Bloggers are starting to comment on the TC Suite. Here are a few I spotted this morning:
Bill Swallow (“TechCommDood”) writes on waxing techcomm:
I’ll admit, I’m both impressed at the package (the monetary deal for the payload of technology is quite appealing) and at Adobe’s direct acknowledgement of the techcomm market. […]The workflow is still unidirectional; FrameMaker to RoboHelp to online output. There is no going back from RoboHelp should you make changes (which you can, since RoboHelp also remains an authoring tool) once you import the FrameMaker content.
This is where the similarities between RoboHelp and the likes of WebWorks Publisher and Mif2Go end. RoboHelp allows you the option to continue to edit content in the built-in (or external) HTML editor after import.
This is an important point (and a highly problematic one). If you link your FrameMaker content into a RoboHelp project and then make changes to the FrameMaker-sourced content in RoboHelp, then you end up with two copies of the content. Not good, and the temptation to just “tweak a few things” is always there. (I’d be happy to be proven wrong on this point.)
Bob Doyle writes on his techwr-l.com blog:
You can include Help in FrameMaker projects, eLearning in RoboHelp and in Frame, 3D animations in Help and Frame and in PDF documents, RoboHelp screen captures from Frame, etc, etc. All the tools include direct access to aspects of the others from within the tool. You do not have to leave one tool to “Edit with…” another tool. And no longer are conversions needed to reuse assets.
This is the first reference I’ve seen to reusing RoboHelp content in FrameMaker. I don’t believe that this is actually possible.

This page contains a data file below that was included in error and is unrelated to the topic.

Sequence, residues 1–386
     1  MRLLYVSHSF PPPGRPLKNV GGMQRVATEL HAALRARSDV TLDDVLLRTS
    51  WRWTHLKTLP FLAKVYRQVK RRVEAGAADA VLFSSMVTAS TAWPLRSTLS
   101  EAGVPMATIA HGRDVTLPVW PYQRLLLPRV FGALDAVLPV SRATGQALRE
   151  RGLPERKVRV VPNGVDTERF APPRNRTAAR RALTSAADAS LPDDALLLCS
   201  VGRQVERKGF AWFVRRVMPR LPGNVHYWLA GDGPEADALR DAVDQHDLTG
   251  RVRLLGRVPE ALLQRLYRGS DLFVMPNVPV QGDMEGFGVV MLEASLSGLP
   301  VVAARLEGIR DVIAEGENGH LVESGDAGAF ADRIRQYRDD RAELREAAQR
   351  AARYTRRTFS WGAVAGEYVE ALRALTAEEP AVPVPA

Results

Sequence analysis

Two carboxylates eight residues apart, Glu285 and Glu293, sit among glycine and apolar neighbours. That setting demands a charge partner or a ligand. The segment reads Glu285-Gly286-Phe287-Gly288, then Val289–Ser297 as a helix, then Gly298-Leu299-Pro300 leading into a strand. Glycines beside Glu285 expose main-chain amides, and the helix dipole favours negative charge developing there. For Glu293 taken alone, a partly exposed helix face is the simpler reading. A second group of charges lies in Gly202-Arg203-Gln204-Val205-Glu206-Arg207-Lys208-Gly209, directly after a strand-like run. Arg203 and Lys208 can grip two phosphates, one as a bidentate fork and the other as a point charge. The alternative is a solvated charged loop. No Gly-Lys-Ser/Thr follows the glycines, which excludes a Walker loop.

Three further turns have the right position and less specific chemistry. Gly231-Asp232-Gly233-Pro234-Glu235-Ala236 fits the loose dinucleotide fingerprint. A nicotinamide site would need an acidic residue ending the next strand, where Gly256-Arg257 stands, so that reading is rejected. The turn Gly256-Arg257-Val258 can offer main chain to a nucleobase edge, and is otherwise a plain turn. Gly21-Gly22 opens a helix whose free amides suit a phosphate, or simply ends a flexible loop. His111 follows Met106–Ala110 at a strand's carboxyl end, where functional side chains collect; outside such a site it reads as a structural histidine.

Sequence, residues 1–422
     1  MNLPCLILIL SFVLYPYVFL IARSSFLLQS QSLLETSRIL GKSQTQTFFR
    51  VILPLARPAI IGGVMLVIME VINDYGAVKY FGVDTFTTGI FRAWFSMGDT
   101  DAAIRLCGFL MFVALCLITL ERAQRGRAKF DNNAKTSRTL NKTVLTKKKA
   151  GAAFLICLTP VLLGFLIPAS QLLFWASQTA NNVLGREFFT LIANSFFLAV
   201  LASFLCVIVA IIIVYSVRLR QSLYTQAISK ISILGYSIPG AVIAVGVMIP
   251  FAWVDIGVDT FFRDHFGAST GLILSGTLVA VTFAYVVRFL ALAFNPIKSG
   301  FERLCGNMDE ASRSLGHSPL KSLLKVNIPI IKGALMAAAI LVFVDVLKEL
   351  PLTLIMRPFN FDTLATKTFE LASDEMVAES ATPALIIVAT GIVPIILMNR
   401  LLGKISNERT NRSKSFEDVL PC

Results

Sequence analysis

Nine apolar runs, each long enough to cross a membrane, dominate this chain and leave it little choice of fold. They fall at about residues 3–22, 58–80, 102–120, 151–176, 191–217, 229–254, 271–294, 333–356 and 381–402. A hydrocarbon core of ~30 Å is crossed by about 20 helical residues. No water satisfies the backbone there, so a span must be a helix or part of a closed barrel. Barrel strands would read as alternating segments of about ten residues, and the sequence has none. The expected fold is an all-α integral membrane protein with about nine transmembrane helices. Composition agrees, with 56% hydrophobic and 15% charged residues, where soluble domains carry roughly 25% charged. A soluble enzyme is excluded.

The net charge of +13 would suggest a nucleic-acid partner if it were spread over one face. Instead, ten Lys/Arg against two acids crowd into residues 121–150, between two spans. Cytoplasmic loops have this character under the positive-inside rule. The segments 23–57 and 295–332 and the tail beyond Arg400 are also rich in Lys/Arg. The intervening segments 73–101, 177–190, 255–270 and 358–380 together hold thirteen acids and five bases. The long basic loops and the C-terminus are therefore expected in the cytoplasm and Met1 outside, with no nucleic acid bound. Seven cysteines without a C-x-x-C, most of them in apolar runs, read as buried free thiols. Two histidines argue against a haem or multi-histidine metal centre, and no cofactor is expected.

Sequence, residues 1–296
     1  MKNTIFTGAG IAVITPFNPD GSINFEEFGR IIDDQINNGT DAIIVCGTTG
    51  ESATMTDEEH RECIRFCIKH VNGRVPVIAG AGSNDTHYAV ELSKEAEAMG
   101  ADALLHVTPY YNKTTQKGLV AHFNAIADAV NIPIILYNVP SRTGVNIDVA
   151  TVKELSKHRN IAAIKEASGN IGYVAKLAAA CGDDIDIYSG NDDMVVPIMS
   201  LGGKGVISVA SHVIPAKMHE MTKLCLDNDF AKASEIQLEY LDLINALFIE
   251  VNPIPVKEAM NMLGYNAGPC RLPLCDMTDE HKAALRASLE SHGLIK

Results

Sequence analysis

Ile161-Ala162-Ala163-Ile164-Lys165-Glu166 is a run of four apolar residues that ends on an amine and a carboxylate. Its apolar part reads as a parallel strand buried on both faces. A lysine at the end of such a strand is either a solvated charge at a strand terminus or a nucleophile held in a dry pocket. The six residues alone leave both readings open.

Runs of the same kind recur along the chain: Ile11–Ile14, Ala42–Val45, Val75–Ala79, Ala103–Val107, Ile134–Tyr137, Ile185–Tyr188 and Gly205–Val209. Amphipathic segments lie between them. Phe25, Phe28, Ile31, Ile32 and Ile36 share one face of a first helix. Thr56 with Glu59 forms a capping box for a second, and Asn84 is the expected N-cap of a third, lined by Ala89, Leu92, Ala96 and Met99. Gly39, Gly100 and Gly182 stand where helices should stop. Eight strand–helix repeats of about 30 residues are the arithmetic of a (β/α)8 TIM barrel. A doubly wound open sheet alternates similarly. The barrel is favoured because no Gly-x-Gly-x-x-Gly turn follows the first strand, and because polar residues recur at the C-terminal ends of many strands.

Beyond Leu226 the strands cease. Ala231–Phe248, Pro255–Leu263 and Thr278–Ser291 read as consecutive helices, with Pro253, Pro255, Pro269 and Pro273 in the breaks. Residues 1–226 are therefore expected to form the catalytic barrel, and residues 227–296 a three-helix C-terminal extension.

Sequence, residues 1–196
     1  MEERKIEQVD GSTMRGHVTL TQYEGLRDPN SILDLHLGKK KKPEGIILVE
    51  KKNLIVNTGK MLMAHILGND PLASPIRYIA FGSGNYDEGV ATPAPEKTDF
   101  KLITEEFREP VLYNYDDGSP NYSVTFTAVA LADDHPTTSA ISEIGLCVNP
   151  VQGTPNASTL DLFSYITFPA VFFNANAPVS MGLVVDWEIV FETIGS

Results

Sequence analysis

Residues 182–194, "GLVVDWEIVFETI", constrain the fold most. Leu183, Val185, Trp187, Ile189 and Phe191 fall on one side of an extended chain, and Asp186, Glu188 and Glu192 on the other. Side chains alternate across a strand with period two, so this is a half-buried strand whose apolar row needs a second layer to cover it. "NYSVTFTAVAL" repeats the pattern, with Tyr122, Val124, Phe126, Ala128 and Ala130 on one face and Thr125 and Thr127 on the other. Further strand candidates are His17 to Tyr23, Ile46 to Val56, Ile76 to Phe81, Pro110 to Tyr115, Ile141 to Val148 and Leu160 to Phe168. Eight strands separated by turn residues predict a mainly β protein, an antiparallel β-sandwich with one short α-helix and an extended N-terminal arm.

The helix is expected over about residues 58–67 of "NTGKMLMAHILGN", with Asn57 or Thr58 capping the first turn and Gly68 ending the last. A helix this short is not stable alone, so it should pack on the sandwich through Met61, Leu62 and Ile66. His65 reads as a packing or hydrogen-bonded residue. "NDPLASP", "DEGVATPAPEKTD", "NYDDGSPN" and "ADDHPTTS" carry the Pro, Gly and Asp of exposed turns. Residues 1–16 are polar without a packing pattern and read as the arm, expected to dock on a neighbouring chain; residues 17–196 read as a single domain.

Another positive initial review from Ron Miller:
[…] Adobe appears to have taken care to put integration on the front burner to make it easier for training and tech writing departments to share content. [… T]hey appear to have answered all the criticisms I had of RH6 and then some with RH 7. What’s more they have integrated it with Frame to create a fully featured publishing environment.
Until I take it through its paces with a project, it’s hard to judge but the first impressions were good and it appears clear that Adobe wants to claim a place in the tech writing market.
[…] Adobe still appears to be focused on a desktop paradigm. [… W]hen they reference workflow, they refer to workflow integration between the products in the TC Suite. […]
If Adobe plans to succeed in the enterprise, they have to take a much broader view of how technical documentation teams work by moving beyond the creation perspective. They need to adopt a perspective that encompasses the entire production cycle[…].
Adobe’s products are evolving and becoming more integrated, but they are doing so inside the Adobe walls. Conveniently, FrameMaker and RoboHelp are now neighbor, where before they were more like rival gangs with a turf war. But the XML and XSL barbarians are at the gates, and it’s time to let them in and accept them as citizens. (This metaphor has clearly run, er, amok.)
The era of proprietary content files is over. Baseline content needs to be in XML because of the “production cycle” that Mr. Ortega describes. XML is:
- Supported by content management systems
- Advantageous for localization workflows
- Enforceable (that is, you can enforce your preferred structure)
- An excellent starting point for automated content production (via XSL, FrameMaker, or even InDesign)
Authoring tools aren’t going anywhere, but the FrameMaker- or RoboHelp-centric universe is not going to last.